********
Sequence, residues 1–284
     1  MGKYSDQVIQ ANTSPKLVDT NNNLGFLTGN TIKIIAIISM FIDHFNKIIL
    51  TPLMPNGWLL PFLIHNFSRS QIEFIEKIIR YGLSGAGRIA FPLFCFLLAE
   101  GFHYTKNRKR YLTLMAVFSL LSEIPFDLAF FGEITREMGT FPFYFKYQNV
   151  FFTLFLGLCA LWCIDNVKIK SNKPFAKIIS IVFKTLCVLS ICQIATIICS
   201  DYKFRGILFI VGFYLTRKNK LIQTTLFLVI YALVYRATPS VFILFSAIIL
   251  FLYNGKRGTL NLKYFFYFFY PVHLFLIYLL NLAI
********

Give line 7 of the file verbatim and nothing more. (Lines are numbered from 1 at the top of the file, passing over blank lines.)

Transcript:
   251  FLYNGKRGTL NLKYFFYFFY PVHLFLIYLL NLAI